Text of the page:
How Atlanta-based start-up PadSplit ‘threads the legal needle’ to provide affordable housing
By Sean Keenan
Many housing experts have said one of the best ways to wrangle Atlanta’s affordability crisis is to diversify the housing stock, and one local start-up is on a mission to corner some of that untapped market.
Founded by affordable housing advocate and investor Atticus LeBlanc, PadSplit has introduced a model that allows landlords and property owners to rent out homes by the room for periods as short as one week.
“Generally, folks would choose to live in their own space, if they have that option,” LeBlanc told Saporta Report during a recent interview. “But there are really no options that exist between supportive housing or shelter arrangements and studio apartments, which are averaging more than $1,000 a month.”
PadSplit rentals, he said, are available to people making less than 80 percent of the area median income (AMI), and the company now operates nearly 500 units in Atlanta.
“Most of the general population doesn’t truly understand the desperate situation that we’re in and the need for affordable housing,” LeBlanc said. “And I would bet that most people don’t realize that folks they see working every day in their communities are actually homeless.”
LeBlanc’s system is novel, yet simple. Property owners or landlords renovate homes up to PadSplit standards — think new appliances, furniture, artwork, and security systems — and then pay the company a fee to orchestrate the rental operations.
Part of the allure for prospective PadSplit operators is the chance to watch investment returns leap from 6 percent to 9 percent, according to a report by Bloomberg. That’s thanks to energy-saving upgrades made during the initial renovations, coupled with the fact that rooming houses are less likely to be totally vacant than residences that require long-term leases.
If it seems like PadSplit just appeared out of nowhere and unregulated — a la Bird e-scooters —that’s because it did, and it is. During last month’s Atlanta Regional Housing Forum, LeBlanc told attendees of a panel discussion on housing innovation that his company “threads the needle, legally speaking.”
That doesn’t mean PadSplit is a dodgy operation, though. Boarding houses were largely outlawed years ago, although there are still slumlords who operate outside the parameters of zoning codes.
“The whole idea was to put those guys out of business and to take the same model and make it more accountable,” LeBlanc said. “We’ve done that within a fully legal framework. I would not want to go on record and say what that was and give all of those same illegal operators the recipe for how to get legal, but, suffice to say, we meet the definition of family in every jurisdiction that we operate in.”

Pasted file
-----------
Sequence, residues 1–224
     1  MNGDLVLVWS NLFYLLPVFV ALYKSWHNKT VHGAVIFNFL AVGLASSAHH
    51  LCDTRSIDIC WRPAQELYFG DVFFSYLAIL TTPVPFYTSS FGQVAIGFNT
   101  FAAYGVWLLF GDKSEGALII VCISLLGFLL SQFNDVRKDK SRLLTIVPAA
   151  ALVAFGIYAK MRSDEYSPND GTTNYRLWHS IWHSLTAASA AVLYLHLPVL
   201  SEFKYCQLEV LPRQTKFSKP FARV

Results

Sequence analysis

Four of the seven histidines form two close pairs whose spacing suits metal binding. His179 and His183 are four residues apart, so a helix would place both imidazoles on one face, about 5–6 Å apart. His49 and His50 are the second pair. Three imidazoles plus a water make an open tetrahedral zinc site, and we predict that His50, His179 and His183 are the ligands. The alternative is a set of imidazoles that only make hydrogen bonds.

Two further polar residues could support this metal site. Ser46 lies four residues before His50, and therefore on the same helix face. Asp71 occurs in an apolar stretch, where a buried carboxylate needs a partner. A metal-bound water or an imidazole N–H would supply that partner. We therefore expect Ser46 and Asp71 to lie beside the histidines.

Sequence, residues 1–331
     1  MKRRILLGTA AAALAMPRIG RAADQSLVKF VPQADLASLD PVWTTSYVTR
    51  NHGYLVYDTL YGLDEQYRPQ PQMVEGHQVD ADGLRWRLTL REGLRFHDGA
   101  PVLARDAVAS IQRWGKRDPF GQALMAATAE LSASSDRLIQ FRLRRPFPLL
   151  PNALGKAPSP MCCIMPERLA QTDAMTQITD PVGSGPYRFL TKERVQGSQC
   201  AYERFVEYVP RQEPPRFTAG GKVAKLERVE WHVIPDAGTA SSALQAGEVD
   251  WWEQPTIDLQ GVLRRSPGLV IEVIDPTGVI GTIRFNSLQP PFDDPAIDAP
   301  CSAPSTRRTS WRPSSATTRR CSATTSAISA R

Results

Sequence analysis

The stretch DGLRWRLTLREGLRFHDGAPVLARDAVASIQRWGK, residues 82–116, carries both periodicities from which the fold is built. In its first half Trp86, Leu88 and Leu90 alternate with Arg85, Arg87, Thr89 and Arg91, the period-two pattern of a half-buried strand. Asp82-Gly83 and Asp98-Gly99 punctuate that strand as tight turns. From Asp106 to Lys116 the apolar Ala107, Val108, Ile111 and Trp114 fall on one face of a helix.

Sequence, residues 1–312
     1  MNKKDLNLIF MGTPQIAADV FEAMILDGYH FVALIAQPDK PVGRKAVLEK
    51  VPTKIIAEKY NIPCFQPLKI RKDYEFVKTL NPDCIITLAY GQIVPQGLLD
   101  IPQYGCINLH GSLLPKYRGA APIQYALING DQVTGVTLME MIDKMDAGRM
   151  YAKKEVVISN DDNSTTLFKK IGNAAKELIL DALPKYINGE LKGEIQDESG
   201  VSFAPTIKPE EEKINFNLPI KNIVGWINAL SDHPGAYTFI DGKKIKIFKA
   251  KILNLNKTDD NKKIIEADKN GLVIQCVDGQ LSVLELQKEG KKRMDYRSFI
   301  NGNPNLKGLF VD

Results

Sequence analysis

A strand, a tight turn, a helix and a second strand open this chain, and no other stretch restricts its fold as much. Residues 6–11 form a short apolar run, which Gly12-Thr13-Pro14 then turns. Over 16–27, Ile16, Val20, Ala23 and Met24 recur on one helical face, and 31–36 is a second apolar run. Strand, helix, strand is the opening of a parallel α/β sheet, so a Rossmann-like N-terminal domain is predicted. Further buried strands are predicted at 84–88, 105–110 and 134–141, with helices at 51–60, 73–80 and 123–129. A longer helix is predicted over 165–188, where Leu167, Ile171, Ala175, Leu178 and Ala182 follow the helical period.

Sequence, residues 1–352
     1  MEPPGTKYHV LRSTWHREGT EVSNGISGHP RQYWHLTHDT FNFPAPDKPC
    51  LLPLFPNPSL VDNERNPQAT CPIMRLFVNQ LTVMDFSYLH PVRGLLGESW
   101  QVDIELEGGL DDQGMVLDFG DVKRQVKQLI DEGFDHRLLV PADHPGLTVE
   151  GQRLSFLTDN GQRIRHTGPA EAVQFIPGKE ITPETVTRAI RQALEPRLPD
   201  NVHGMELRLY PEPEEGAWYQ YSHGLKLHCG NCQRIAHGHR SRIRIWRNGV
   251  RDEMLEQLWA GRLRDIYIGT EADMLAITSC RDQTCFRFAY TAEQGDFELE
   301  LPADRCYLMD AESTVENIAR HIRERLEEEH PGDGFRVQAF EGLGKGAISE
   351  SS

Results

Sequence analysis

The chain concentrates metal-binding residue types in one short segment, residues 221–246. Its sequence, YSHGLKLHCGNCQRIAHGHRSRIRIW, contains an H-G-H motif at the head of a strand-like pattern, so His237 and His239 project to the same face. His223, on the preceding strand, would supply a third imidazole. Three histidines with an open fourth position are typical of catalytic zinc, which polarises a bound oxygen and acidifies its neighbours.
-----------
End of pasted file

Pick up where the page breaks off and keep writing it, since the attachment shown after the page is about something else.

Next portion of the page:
Although Atlanta doesn’t allow rooming houses in single-family-home neighborhoods, PadSplits are designed so that the tenants meet the city’s complicated definition of a “single family,” up to six unrelated people, plus another four, as long as the latter occupy no more than two rooms.
PadSplit also works to ensure its apartments aren’t occupied by ne’er-do-wells. Potential tenants undergo a background check to weed out people who have been convicted of felonies in the last 10 years and those who have ever committed violent or sexual crimes.
But PadSplit hasn’t come on the Atlanta housing scene without some controversy; some worry the system’s lack of regulation needs to be addressed.
“I’m sorry, but when someone tells me they are ‘working inside loopholes in local laws,’ that doesn’t feel like ethical behavior to me,” Doraville City Councilwoman Stephe Koontz wrote in a Facebook post. “Until local government is allowed to register these types of properties with just basic ‘here is who you contact’ info, this is putting a huge burden on taxpayers hunting this info down.”
Responded LeBlanc: “We would love to be regulated. It’s the challenge of any innovation of any kind. The counter to that is that our entire concept was borne out of housing competition sponsored by the City of Atlanta, JPMorgan Chase Foundation, and Enterprise Community Partners… They were looking for solutions to solve [the affordable housing crisis] very quickly.”
As for the people who are skeptical of the new company that’s taking control of homes in low- and middle-income communities — where PadSplit has been largely operating — LeBlanc said it’s important that people know part of the start-up’s mission is to help combat gentrification and displacement.
In many Atlanta communities, homes are bought up by flippers who just want to sit on a property while it appreciates in value. In those cases, as well as with conventional rentals, homes are liable to fall victim to blight, due to a lack of oversight, control, or upkeep by the owners or tenants, LeBlanc said.
“Our niche is to exist as a far more attractive option to those neighbors than either one of those,” he said, noting that PadSplit properties won’t become blighted and unsightly, due to company standards.
Still, Georgia State University urban studies professor Dan Immergluck told Bloomberg he’s unsure of PadSplit’s longevity. He understands there’s a demand for more affordable housing, and that PadSplit helps fill the gap, but as property values and taxes rise in fast-evolving metro Atlanta, selling property could become a more appealing avenue for owners than renting.
But for now, PadSplit is expanding as an affordable option for minimum wage workers, traveling film industry professionals and musicians, recent divorcees, and anyone else in need of a short-term stay.
This story was updated for clarity.